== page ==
Sleep, Mental Disorders and TBI in Deployed Military Members


Name: Pamela Wall

Rank: CDR

Organization: University of Pennsylvania

Performance Site: University of Pennsylvania, Philadelphia, PA

Year Published: 2013

Abstract Status: Project Completed


U.S. military members are often forward deployed to austere environments where they are exposed to environmental, mental, and physiological stressors that can negatively affect their wellbeing and readiness for service. Furthermore, these service members are at high risk for developing sleep disorders, mental disorders, and traumatic brain injury (TBI) which can cause functional disability and further erode mission readiness. While there is sufficient evidence on the separate relationships between these three clusters of disorders, there are relatively few studies that look at all three in a military and/or veteran population. Medical officers in the United States Military need information about these complex interactions in order to determine risk for future disease or injury and to ensure that those who are sent to austere environments are psychologically resilient.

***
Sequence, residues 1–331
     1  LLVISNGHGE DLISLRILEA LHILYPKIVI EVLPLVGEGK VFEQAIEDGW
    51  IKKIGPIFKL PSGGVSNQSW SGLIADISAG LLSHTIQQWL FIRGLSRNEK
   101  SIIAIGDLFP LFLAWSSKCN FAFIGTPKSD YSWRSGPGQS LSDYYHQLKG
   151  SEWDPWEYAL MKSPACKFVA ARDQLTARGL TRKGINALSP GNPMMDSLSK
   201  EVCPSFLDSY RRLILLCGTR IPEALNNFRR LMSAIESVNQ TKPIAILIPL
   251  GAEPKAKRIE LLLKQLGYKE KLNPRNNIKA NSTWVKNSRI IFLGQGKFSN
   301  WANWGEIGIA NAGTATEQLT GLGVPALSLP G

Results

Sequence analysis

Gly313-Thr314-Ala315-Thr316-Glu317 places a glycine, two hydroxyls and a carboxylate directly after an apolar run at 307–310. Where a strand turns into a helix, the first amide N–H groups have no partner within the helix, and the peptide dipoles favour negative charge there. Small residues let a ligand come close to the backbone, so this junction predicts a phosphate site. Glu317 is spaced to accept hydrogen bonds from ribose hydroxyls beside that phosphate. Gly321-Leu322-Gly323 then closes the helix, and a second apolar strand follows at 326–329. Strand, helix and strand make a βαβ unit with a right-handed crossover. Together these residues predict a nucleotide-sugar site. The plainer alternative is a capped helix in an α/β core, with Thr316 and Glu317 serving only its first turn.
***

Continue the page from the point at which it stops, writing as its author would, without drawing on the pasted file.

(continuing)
The purpose of this retrospective study is to determine the temporal patterns and relationships between sleep disorders, mental disorders, and TBI in service members who have deployed from 2001-2011. To fulfill this purpose, longitudinal medical surveillance data from two electronic medical charting systems, the Defense Medical Surveillance System (DMSS) and the Defense Medical Epidemiology Database (DMED) will be used. Specifically a dataset that includes over 288,000 deployed service members with a diagnosed sleep disorder will be extracted for analysis. Using these clinical and administrative data the following research questions will be answered:  RQ1:  What is the distribution of sleep disorders diagnoses? RQ2:  What mental disorder diagnoses occur most often with each sleep disorder diagnosis? RQ3:  Which sleep disorder diagnoses are found in those with TBI? RQ4:  Does a sleep disorder diagnosis prior to deployment increase the likelihood of having a mental disorder or TBI diagnosis post deployment? RQ5:  In those with both sleep and mental health diagnoses, which tend to come first? A series of descriptive statistics, logistic regression analysis, and Chi Square tests for independence will be used to answer the research questions.


Final Report is available on NTRL: